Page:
A Massachusetts stem-cell bank will close when it runs out of public funding this year.
The University of Massachusetts (UMass) Stem Cell Bank, at the university’s Shrewsbury campus, opened in 2008 with US$8.6 million in public funds in response to federal funding limitations on human embryonic stem-cell lines, says Angus McQuilken, vice-president of communications at the Massachusetts Life Sciences Center, a quasi-public agency based in Waltham that first funded the bank in 2007.
But the administration of US President Barack Obama lifted federal restrictions on funding embryonic stem-cell research in 2009 (see ‘NIH announces draft stem-cell guidelines‘), obviating the stem-cell bank’s main reason for existing, McQuilken says. The centre will continue to fund an online stem-cell registry that maintains information about the availability of different cell lines. The registry received US$1.7 million in public funds in 2007.
The bank lists 12 available human embryonic stem-cell lines, from researchers at Harvard University in Cambridge, Massachusetts, and Boston Children’s Hospital. These lines will be returned to the labs that derived them, McQuilken says.
“I think the closing of the UMass bank, where we had anticipated maintaining a lot of our lines, means we will have to come up with an alternative,” George Daley, a stem-cell scientist at the hospital, told the Boston Globe.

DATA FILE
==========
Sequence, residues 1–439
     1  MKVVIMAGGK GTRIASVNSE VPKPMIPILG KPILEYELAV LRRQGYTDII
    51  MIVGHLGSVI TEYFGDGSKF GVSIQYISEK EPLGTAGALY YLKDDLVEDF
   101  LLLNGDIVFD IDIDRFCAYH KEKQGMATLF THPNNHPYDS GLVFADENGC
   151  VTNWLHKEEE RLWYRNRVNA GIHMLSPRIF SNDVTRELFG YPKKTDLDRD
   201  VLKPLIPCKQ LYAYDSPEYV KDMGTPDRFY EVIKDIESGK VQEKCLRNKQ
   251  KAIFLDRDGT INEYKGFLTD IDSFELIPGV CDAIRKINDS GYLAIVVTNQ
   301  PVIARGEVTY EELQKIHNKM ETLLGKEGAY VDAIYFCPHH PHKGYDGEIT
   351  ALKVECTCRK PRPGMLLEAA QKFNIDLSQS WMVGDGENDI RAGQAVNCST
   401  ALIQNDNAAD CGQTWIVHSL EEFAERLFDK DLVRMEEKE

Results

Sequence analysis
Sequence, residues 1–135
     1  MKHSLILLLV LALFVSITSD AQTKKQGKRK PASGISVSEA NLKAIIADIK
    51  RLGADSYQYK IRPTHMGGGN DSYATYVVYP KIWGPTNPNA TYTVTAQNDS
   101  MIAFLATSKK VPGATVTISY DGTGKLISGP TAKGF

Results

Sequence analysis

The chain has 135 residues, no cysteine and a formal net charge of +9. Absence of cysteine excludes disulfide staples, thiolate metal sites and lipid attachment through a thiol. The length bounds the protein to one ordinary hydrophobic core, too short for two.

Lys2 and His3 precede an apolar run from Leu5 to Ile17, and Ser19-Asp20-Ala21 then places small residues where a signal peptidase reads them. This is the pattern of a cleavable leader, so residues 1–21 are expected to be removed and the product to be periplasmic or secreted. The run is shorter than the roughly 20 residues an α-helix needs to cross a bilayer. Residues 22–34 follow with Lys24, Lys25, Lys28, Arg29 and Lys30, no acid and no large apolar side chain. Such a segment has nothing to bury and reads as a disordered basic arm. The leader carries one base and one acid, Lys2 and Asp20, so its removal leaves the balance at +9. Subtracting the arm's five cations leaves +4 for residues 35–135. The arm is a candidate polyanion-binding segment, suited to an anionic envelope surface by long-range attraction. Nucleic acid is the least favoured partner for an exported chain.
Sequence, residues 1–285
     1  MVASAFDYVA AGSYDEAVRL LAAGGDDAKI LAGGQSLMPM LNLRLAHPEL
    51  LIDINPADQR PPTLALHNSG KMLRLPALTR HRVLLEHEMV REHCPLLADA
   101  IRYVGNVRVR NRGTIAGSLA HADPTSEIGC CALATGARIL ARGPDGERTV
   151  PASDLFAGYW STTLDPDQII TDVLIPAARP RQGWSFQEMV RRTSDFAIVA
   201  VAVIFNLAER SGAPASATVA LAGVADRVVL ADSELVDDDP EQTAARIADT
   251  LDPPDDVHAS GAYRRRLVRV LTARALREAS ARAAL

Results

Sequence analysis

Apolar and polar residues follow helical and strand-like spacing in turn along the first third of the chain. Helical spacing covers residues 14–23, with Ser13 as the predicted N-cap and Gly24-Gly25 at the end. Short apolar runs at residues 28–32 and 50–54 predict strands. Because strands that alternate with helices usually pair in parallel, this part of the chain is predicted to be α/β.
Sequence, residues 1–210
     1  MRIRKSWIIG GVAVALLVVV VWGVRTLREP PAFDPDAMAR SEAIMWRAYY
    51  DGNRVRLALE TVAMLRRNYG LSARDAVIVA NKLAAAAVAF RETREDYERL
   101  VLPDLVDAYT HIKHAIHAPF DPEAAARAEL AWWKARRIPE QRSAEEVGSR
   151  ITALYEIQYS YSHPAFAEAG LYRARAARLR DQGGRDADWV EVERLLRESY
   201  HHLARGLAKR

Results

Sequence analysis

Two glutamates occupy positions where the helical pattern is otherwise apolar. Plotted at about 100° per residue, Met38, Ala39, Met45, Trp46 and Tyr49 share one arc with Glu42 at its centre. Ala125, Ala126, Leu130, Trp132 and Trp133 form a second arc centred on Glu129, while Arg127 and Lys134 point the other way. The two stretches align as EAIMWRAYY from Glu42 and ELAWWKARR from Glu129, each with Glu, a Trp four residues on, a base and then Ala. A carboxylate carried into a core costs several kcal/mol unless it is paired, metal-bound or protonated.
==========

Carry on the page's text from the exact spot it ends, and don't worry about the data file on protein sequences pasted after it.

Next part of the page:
The UMass bank began delivering its first cell lines only in 2011. That same year, it signed an agreement with the national UK Stem Cell Bank to develop stem-cell lines for clinical use and to develop culture-medium standards.
“It does mean we really can’t progress it in a more efficient way because we would have been spreading the load between the two banks,” says Glyn Stacey, the director of the UK Stem Cell Bank. “It’s a shame we won’t be able to share that work with them.”
The UK Stem Cell Bank already stores some of the same cell lines held at the UMass bank, and Stacey plans to talk with scientists in Boston to discuss supplying UMass cell lines in a sustained manner.
Other banks will probably pick up the slack, says Stacey, but the UMass bank was an important resource that emphasized collaboration between cell banks and had an eye towards clinical applications of stem cells. “For us it’s a shame we’ve lost a good valued collaborator in the field, and it will be the worse for that loss,” Stacey says.